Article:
Research shows that in America’s hospitals, clinics, and doctors’ offices not everyone is treated equally. Minorities routinely have a harder time accessing quality care, experience worse outcomes from the care they receive, and face more financial complications related to their health care. Those circumstances are just a few of the examples of the health inequity, or preventable differences in health between different groups of people, that minorities face.
Consider these facts:
- Areas with the majority of African Americans or Hispanics are more likely to lack health care providers and hospitals due to residential segregation.
- Data from 2018 shows the uninsured rate of African Americans was 9.7 percent compared to a 5.4 percent uninsured rate for white Americans.
- During the COVID-19 pandemic, racial and ethnic minorities had higher rates of infection, hospitalization, and death.
Shining a light
Many people are surprised to know that such health inequities exist. After all – a doctor’s visit is a doctor’s visit, right? But health disparities for minority groups do exist and actually have a long history rooted in discrimination and racism. And they’re further complicated by economic, social, and environmental factors, genetics, and health behaviors.
These complications and gaps in care contribute to higher rates of chronic illness in minorities which can create a lifetime of poorer health and even shorter lifespans for some people. One study of chronic illnesses including heart disease, asthma, and diabetes, shows that Hispanic, African American, and Native American people are up to two times more likely than white people to experience these chronic conditions.
Studies show that some gaps in care and health equity are improving, but there’s still a lot of work to be done.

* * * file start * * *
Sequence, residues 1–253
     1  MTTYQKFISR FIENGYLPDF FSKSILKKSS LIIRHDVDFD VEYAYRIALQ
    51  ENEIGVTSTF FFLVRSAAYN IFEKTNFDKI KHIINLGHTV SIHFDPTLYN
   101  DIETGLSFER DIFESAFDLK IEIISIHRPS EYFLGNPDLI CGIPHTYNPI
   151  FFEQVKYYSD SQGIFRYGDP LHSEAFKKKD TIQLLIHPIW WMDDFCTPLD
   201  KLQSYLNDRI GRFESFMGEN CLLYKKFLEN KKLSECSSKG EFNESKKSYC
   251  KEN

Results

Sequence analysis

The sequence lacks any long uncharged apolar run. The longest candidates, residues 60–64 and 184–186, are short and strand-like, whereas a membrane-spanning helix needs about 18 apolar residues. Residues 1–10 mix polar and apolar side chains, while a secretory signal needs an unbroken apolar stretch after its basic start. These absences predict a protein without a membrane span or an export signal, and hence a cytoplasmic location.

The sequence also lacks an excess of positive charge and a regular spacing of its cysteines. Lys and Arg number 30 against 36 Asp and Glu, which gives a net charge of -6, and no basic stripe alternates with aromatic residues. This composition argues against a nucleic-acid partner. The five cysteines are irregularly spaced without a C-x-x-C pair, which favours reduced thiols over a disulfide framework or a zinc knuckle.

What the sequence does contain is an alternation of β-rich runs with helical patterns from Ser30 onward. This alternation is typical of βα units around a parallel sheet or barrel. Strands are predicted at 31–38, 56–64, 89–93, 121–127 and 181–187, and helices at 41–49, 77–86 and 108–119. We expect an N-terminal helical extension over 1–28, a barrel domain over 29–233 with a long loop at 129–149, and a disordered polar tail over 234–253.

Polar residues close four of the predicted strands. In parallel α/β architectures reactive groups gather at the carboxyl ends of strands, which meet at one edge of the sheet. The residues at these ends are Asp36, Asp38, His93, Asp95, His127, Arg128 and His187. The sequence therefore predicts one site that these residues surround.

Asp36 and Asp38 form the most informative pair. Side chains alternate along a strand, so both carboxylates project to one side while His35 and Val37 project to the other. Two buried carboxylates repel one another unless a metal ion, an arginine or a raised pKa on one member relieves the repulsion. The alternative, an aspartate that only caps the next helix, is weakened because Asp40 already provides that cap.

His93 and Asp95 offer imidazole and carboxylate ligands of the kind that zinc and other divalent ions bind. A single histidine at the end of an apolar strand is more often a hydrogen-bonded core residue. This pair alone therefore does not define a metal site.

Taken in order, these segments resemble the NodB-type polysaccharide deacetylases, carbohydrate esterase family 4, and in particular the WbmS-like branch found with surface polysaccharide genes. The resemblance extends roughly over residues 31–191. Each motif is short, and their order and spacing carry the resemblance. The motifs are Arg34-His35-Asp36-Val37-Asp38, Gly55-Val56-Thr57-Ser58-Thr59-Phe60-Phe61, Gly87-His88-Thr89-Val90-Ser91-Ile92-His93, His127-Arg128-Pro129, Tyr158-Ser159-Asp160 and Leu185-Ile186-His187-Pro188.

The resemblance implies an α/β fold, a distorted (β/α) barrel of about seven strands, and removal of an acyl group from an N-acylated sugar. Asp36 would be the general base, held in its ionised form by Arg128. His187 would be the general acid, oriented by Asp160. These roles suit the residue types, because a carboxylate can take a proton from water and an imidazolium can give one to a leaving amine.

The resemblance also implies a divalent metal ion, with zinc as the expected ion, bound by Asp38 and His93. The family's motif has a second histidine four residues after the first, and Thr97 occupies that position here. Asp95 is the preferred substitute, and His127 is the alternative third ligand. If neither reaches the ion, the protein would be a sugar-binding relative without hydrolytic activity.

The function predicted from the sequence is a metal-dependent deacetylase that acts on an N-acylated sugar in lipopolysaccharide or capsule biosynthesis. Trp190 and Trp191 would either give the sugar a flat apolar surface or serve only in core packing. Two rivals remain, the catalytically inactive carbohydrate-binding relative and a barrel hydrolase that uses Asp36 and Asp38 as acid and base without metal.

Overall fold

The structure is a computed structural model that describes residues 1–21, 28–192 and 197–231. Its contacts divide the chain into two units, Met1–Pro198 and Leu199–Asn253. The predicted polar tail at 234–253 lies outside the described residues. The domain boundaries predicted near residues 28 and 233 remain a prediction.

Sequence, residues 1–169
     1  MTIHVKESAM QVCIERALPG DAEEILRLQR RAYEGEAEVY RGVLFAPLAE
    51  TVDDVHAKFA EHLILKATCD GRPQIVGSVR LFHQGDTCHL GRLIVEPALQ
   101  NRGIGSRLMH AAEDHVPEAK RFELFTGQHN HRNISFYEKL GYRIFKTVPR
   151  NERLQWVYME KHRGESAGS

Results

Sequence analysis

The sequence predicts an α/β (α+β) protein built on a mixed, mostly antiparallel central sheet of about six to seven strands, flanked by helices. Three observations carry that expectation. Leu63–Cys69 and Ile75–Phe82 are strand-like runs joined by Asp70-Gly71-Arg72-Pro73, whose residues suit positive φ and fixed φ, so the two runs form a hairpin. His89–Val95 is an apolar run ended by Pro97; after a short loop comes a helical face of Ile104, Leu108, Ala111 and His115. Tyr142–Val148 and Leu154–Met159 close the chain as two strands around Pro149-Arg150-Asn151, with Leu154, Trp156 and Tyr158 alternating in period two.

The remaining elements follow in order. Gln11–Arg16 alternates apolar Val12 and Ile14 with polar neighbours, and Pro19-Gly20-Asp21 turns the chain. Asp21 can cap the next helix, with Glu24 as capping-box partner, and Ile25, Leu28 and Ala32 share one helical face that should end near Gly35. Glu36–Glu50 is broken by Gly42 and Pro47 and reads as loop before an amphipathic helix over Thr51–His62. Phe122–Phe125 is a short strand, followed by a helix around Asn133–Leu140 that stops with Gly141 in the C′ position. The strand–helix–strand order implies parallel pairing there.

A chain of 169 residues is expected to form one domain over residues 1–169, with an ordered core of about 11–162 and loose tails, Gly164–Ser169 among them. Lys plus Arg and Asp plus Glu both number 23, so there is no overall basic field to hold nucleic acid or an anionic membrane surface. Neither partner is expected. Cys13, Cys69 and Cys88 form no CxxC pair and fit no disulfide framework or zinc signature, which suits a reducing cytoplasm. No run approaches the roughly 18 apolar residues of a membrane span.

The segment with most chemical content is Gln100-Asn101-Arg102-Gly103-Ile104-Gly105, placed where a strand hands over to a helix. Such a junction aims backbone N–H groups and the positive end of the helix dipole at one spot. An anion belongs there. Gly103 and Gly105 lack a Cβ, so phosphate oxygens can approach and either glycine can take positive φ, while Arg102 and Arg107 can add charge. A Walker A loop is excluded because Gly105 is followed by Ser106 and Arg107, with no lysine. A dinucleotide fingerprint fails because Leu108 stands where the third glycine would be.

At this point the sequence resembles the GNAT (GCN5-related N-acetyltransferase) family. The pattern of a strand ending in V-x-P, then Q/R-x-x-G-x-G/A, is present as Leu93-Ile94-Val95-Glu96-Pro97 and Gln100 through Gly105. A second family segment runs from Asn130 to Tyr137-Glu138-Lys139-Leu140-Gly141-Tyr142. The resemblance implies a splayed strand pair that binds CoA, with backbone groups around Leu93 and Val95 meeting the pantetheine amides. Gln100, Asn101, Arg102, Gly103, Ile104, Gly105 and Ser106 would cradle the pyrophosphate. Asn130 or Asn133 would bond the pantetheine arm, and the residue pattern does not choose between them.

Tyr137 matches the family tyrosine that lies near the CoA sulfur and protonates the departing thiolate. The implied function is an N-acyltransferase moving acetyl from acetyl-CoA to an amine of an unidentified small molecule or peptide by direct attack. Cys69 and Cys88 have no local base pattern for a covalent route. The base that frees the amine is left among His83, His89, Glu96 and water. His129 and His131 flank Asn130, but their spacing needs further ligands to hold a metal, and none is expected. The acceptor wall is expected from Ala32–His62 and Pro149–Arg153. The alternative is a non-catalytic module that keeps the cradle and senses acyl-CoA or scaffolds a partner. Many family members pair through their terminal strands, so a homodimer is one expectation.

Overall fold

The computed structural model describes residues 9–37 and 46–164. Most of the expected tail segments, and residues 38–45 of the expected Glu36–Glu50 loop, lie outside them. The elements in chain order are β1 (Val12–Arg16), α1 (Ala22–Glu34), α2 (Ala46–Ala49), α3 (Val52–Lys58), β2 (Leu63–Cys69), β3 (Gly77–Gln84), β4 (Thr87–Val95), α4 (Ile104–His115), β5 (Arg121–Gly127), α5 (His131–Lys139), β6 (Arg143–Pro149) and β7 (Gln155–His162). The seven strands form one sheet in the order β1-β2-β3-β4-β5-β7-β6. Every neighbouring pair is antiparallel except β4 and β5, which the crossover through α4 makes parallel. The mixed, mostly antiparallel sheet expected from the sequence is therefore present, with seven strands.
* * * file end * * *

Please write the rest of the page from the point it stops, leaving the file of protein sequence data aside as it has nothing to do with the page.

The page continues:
National Minority Health Month, celebrated every April, shines a light on the health needs of minority groups and helps educate everyone about health inequity. The primary goal is to focus attention on the higher levels of premature death and illness in minority groups and health education.
A long tradition
Awareness is the best place to start. Booker T. Washington must have known that when he established National Negro Health Week way back in 1915. The U.S. Congress officially established National Minority Health Month in 2002.
This year’s Minority Health Month theme is Give Your Community a Boost. As we move into the third year of the pandemic, the focus is on the importance of COVID-19 vaccinations and booster shots for minority groups. African American and Hispanic people are less likely to get vaccinated against COVID-19 than people in other racial or minority groups. And they’re more likely to get a serious case of COVID-19 or die from the illness. COVID-19 also has more serious effects on other minority groups including Alaska Native and American Indian people compared to non-Hispanic White people.
Raising awareness about the importance of the COVID-19 vaccine and its availability can improve minority health and save lives. You can play a part. Start by encouraging your family and friends to get vaccinated if they haven’t already and boosted when they’re eligible.
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